We live in a world that worships the early riser. Think of everything we’re told on the virtues of waking up early.
“The early bird catches the worm.”
“Early-to-bed, early to rise, makes a man… ” (Ben Franklin’s most famous saying)
“Nice of you to join us today” (snarky dictum of teachers and bosses everywhere)
The message is clear: Starting early is the way to get ahead; lateness is ugly as sin.
A couple of weeks ago, I reported on the science of chronobiology, which finds we all have an internal clock that keeps us on a consistent sleep and wake cycle. But the key finding is that everyone’s clock is not the same. Most people fall in the middle, preferring to sleep around 11 pm to 7 am. But many — perhaps 40 percent of the population — don’t naturally fit in this schedule.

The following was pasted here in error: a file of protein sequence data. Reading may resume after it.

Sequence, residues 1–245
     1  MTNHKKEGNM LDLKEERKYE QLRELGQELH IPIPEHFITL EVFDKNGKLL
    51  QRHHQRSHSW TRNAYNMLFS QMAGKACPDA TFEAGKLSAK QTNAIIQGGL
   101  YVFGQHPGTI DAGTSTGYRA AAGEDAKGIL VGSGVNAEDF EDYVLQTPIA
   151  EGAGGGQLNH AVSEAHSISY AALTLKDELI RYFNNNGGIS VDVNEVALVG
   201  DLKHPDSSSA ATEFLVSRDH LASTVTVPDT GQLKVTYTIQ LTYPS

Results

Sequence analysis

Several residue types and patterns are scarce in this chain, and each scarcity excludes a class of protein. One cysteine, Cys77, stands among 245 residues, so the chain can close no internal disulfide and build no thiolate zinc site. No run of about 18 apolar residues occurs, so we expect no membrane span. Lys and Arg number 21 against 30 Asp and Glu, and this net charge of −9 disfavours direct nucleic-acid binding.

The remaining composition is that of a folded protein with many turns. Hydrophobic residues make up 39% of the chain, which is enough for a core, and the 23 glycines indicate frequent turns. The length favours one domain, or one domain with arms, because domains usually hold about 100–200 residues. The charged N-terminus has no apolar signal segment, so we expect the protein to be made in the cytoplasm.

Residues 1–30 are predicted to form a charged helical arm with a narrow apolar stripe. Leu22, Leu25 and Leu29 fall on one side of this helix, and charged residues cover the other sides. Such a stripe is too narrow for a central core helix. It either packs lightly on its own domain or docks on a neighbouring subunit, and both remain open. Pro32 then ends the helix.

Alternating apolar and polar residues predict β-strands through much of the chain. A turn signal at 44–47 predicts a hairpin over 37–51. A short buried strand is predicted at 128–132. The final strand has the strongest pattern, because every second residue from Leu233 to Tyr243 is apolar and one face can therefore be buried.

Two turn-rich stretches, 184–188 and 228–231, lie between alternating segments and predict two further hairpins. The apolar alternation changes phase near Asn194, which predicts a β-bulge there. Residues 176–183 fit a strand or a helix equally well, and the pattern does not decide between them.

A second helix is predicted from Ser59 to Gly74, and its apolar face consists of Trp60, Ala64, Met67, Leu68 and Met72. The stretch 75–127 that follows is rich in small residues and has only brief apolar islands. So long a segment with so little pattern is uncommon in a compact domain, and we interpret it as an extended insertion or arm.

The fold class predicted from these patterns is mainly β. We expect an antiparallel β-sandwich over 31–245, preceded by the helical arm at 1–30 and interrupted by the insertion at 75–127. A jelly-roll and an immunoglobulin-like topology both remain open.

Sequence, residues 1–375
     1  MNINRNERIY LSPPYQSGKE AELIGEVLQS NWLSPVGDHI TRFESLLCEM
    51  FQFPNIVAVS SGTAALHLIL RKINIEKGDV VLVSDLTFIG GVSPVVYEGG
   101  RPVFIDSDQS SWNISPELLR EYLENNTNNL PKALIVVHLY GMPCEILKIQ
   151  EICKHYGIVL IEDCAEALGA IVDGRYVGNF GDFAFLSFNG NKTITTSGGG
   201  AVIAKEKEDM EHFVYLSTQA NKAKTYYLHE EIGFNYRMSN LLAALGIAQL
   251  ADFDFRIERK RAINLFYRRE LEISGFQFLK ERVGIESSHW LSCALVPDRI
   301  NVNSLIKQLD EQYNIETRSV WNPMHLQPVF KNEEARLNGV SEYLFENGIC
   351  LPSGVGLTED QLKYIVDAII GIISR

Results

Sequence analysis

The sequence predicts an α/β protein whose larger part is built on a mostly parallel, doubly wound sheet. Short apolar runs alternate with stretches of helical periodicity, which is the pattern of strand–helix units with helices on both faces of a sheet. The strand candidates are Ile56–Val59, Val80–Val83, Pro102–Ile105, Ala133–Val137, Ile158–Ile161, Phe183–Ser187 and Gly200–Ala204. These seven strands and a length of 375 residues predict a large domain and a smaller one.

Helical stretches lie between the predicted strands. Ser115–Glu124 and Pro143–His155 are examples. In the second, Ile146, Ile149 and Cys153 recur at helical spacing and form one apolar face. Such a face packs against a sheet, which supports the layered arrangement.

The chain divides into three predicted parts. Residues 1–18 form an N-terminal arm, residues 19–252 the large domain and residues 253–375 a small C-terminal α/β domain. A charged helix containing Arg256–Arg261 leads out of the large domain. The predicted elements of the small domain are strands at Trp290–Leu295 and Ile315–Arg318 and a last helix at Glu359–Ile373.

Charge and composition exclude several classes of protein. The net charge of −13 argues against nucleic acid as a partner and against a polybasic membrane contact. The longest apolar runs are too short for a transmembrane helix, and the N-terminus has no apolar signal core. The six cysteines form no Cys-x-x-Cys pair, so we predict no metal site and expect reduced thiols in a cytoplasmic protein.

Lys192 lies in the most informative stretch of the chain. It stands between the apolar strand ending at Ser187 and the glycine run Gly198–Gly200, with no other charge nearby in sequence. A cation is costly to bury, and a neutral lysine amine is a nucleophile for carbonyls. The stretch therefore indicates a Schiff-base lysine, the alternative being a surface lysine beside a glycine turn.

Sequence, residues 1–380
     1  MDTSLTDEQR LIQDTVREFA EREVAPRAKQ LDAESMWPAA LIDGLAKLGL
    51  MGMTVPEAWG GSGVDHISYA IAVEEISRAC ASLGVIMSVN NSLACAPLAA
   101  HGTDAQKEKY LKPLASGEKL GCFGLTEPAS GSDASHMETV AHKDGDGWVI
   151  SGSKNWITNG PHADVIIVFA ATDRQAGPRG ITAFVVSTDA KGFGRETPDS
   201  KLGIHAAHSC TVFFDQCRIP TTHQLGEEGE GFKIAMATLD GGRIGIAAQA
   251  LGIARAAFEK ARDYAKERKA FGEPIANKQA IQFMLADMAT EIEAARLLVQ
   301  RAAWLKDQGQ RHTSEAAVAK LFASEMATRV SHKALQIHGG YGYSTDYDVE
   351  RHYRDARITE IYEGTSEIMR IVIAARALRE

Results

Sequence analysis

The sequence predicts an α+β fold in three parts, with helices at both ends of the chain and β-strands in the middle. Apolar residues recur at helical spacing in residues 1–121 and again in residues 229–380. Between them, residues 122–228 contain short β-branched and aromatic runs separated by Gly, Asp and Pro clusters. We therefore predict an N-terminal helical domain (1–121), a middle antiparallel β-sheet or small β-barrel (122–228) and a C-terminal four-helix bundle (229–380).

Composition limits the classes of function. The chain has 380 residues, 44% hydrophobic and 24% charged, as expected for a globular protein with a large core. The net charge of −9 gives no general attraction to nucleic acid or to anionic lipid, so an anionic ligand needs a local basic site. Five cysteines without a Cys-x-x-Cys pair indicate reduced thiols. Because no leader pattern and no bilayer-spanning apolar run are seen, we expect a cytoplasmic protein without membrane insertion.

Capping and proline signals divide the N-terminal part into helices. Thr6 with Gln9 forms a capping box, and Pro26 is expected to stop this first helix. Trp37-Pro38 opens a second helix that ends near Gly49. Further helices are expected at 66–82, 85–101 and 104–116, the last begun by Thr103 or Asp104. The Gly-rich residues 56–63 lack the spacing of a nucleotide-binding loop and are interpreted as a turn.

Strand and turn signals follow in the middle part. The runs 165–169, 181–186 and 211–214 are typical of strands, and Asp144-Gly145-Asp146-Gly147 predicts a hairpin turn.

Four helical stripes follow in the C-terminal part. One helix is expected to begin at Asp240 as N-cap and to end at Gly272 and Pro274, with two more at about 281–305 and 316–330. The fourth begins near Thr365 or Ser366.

There are night owls among us — whose whole circadian schedules are shifted later — and morning larks, who are shifted earlier. (If you’re curious, you can assess your chronotype with this quiz here.) These traits are determined by genetics and are extremely hard to change. What’s more, the research is finding that if we fight our chronotypes, our health may suffer.
But most striking to me wasn’t the health implications of messing with your clock. It was the stigma late sleepers feel in a society ruled by early risers. Simply put: These late sleepers are tired of being judged for a behavior they cannot easily control. If they can’t change their sleep patterns, maybe society should become more accepting of them.
Late sleepers are made to feel like losers
I spoke to several people with delayed sleep phase, a condition that puts people on the extreme end of the night-owl chronotype. These people have a hard time falling asleep before 2 or 3 am, and prefer to sleep until around noon. There’s nothing wrong with their sleep other than that their schedules for it are shifted.